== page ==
Never Break the Flow: Interface Design in 'Driver: San Francisco'

In its quest to never break the flow, the game has to turn the pacing over to the player. The swiftness and fluidity with which the player can switch from high octane 1970s driving action to serene “leaf on the wind” Zen-like travel to existential goal-oriented, laser-guided focus speaks to a game dedicated to a user interface that not only facilitates play but creates a quality experience in its own right

Driver: San Francisco is a fun game. Fun should always be qualified, but I stand by this. Driver: San Francisco is an exhilarating, enjoyable, fluid experience that doesn't compromise on its intelligence. I’ve gone on at length in multiple places on the various aspects underpinning the game on a textual and subtextual level that for me make it stand out as one of the best games of last year and the best game that no one seemed to champion. In light of all that and in my delight to dig deep on this racing game, I have skimped on detailing all of the surface level aspects of the game that make Driver worth one’s attention in the first place.

The driving featured in the game is arcade racing at its highest level with the right level of bombast to still feel grounded in the game world. The entire design of the game exists to facilitate the player’s flow. The choice of presenting the player an open world to drive in means that you are never "out of the game" and are always present doing something. The shift ability that allows you to jump from car to car is not only there to help should you crash and wreck a car, but it also exists as a means to get around breaking the flow of the game with time spent in menus. See a car that you want to drive? It is a button press away. Do you need a different car for a challenge or simply want something tighter or faster to suit your style? Go ahead and grab it. Even if you are looking for something specific and it isn’t in the immediate vicinity, the act of flying around the streets checking out each car as you pass it has its own visceral thrill to it.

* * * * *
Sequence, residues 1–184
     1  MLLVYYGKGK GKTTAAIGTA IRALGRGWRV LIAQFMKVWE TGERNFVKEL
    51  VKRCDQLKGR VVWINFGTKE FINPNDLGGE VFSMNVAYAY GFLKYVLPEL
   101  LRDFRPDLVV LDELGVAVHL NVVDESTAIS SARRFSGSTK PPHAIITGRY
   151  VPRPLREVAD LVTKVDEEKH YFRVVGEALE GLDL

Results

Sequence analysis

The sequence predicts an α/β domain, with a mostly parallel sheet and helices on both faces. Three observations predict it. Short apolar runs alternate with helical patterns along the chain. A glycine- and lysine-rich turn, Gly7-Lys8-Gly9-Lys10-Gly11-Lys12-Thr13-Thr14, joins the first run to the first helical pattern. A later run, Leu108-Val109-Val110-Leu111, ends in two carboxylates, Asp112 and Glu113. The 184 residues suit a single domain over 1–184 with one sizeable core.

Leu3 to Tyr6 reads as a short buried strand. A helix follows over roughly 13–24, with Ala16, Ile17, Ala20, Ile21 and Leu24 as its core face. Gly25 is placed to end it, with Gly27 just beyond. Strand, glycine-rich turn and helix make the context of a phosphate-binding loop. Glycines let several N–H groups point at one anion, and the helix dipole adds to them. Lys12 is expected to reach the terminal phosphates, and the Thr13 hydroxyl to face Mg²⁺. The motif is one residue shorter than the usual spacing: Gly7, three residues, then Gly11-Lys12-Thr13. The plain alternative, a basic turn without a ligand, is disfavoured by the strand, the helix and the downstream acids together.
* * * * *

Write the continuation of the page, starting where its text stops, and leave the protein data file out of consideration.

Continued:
That is important to the game. You are never out of the action and yet not tied to it. Within races and missions there is an impending urgency, but otherwise, you can exist and do nothing and it would still be an appropriate way to play. You don’t need to pause, just shift out of the car and fly high above. You are still in the game, and the world is waiting for you when you decide to return. Pacing is self dictated. Need a breather from the high action races and chases? If you need a more controlled and location-centered beat, you could dedicate yourself to taking on one of the many challenges with such determination that the rest of the world seems to bleed away. (In the case of time challenges, literally.). Or should you just need a pressure valve, you could simply cruise around as you jump briefly into people’s lives to be entertained by their conversation or through the act of ruining their day. Or maybe you need a time of reflection and calming, the quiet before the storm? Just shift out and fly high above the city. Look down and quietly contemplate your options or leave the game like that to go have dinner.